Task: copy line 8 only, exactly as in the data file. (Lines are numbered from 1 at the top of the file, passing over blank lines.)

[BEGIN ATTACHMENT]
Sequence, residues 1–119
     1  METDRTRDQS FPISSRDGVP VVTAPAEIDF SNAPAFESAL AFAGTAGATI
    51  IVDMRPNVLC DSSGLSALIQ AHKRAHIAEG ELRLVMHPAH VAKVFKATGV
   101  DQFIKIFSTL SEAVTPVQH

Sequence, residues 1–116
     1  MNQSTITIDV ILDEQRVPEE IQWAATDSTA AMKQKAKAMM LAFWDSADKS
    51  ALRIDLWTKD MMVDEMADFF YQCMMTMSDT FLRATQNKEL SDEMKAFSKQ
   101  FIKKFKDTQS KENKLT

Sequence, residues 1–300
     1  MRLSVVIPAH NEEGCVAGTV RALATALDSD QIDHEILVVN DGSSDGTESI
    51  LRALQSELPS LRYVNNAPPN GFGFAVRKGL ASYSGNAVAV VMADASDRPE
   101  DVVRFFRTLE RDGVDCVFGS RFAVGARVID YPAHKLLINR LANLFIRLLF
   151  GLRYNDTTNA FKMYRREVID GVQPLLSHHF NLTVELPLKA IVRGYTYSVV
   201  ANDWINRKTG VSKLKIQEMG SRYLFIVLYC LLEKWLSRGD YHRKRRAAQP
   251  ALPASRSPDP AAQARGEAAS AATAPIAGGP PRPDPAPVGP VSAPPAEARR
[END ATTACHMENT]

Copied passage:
   101  FIKKFKDTQS KENKLT